matched to a particular surface’s materials of construction, for example,
stainless steel, ceramic or glass (number-etching the coupons for
Testing consists of:
- Initial weighing of pre-cleaned coupons
using an analytical balance (measuring gram weight)
- Applying the contaminant (oil, grease, soil, etc.)
to the surface of the coupons with a hand-held swab in a highly consistent
- Re-weighing the artificially-contaminated coupons
under the same conditions as (1)
- Performing the actual cleaning (involves the
primary elements of cleaning such as time, agitation, concentration and
temperature, collectively known as TACT)
- Final and third weighing of cleaned coupons under
the same conditions as (1)
Gravimetric analysis using precisely calibrated analytical
scales enables determining by weight the percentage of soil removed from
surfaces, and helps eliminate human error. These methods and devices allow us
to determine soil removal with a high level of accuracy and repeatability.
Microbial Removal or Inactivation
Since hygienic cleanliness is a vital part of a healthful
environment, TURI has recently begun working with UMass Lowell’s Department of
Clinical Laboratory and Nutritional Sciences to determine the efficacy of
products designed to remove or destroy microbes, or to eliminate the conditions
that favor microbial growth. A variety of established lab test methods are used
along with some newer field tests such as ATP and bacterial enzyme detection.
TURI has developed specific equipment-related tests to
evaluate the effectiveness of hard surface vacuuming, dust mopping, scrubbing
and other common janitorial processes.
Since lab and field testing often yield different results,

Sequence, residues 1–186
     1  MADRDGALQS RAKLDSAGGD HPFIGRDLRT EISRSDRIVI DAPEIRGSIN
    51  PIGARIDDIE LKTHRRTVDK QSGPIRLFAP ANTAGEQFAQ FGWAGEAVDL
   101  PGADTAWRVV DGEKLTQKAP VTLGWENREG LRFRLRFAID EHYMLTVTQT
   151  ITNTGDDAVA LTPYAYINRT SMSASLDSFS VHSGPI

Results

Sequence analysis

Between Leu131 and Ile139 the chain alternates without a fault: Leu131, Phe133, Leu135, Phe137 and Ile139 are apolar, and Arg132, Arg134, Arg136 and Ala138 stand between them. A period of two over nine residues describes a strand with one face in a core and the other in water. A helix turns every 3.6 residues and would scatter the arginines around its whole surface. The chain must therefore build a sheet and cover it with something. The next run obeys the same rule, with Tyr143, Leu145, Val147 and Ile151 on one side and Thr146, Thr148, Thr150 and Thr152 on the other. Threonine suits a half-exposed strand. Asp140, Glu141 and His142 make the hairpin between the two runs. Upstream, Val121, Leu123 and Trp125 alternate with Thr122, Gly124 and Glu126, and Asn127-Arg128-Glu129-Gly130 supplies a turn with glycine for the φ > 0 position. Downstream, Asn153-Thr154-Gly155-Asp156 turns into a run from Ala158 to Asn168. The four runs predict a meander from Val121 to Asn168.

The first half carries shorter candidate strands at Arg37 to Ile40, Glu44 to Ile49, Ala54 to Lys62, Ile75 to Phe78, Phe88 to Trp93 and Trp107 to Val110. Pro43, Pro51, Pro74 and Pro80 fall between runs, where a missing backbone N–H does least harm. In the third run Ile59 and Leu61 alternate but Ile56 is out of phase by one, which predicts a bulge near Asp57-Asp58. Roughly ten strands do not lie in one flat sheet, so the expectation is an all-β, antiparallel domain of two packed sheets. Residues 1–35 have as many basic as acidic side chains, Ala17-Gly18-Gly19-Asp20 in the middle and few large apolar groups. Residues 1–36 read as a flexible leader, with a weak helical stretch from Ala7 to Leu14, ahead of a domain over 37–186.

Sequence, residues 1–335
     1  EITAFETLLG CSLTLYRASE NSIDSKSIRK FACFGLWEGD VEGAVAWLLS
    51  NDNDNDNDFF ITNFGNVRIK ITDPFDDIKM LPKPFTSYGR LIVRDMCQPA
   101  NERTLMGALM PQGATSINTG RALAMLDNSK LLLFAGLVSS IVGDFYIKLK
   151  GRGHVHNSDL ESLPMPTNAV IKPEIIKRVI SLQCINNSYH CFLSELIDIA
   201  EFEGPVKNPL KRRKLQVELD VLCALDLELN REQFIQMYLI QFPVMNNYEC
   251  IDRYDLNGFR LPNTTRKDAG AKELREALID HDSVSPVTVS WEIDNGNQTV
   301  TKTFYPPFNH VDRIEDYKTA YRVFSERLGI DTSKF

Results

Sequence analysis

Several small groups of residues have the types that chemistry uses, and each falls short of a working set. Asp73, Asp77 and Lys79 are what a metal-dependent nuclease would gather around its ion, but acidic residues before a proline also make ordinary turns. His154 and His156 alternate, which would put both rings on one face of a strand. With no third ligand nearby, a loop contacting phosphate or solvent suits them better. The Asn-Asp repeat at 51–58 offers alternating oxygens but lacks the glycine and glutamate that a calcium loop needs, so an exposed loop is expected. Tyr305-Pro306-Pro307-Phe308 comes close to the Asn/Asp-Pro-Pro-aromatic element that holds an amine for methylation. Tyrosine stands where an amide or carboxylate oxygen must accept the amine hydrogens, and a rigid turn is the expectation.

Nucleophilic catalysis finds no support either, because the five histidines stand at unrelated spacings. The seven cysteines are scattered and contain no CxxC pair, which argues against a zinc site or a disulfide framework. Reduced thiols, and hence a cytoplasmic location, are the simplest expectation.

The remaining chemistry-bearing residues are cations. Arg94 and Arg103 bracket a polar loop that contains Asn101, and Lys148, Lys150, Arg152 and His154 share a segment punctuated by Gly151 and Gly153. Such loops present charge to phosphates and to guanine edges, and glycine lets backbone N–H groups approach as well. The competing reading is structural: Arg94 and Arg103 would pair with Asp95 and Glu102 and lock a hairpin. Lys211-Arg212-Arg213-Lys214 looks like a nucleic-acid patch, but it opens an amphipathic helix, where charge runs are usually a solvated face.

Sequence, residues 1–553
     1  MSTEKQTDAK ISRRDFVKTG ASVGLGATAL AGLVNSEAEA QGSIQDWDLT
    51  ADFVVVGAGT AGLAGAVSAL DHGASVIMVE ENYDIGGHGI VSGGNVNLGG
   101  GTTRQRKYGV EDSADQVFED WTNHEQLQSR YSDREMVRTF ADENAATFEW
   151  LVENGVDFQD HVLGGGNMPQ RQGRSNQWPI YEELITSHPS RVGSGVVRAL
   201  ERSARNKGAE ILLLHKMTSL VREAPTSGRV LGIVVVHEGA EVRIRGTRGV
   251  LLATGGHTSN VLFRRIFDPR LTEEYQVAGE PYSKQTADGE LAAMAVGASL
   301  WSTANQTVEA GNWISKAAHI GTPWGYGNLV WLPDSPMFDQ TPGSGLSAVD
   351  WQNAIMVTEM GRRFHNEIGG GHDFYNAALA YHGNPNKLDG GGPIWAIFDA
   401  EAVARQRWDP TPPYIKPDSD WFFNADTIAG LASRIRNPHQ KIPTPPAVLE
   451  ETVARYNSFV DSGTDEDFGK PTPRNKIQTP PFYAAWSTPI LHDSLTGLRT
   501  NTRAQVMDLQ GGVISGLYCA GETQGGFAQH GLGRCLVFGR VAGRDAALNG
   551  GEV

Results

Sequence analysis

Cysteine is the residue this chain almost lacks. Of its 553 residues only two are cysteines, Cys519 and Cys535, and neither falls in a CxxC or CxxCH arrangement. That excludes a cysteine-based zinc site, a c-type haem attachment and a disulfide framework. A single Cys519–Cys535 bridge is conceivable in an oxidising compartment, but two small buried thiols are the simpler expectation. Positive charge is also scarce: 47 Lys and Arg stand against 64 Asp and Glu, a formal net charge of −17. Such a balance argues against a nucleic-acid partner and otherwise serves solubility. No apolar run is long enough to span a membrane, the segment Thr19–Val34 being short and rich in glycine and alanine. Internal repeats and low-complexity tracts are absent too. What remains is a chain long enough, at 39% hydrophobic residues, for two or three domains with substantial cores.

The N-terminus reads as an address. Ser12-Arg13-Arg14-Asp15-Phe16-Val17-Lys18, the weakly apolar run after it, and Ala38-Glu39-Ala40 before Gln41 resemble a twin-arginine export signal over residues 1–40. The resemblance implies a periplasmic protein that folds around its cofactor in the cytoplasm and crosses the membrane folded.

it is important where possible to integrate lab and field approaches, surfaces
tested and methods used to achieve coordinated results, synergies, better test
protocols, and greater accuracy and credibility of the testing. We are
initially piloting such a program with the IEHA and the University of WA,
Seattle. Results will be forthcoming in future articles and reports.
Within the last two years, TURI has been involved in testing
several emerging or non-standard technologies or processes with promising
results. For example:
- Steam vapor sanitation systems - applying
low-pressure, low-moisture steam to surfaces - have demonstrated rapid
microbial kill without chemicals and the need for standard dwell times. General
soil removal is also being evaluated.
- Tests show activated water - formed through water
electrolysis combined with passing a slight electrical charge through water to
the surface to be cleaned - can be as effective as some traditional glass and
general purpose cleaners. The lab is also evaluating microbial kill claims of
- Tests of vacuuming of hard floors versus dust
mopping show superior soil removal and productivity in some cases.
- Evaluations of squeegeeing moistened soils from
surfaces such as school desktops show that this process can be more effective
than wiping using microfiber or other cloths in many circumstances.
On the Horizon - Performance Scoring Systems
As part of the lab’s proposed future work, we along with our
partners are developing a scoring system to help enable cleaning professionals
to make product choices based on a single performance score. This rating will
combine factors such as Effectiveness, Ease of Use and Economy to yield a
single performance score based on an average of the points awarded for each of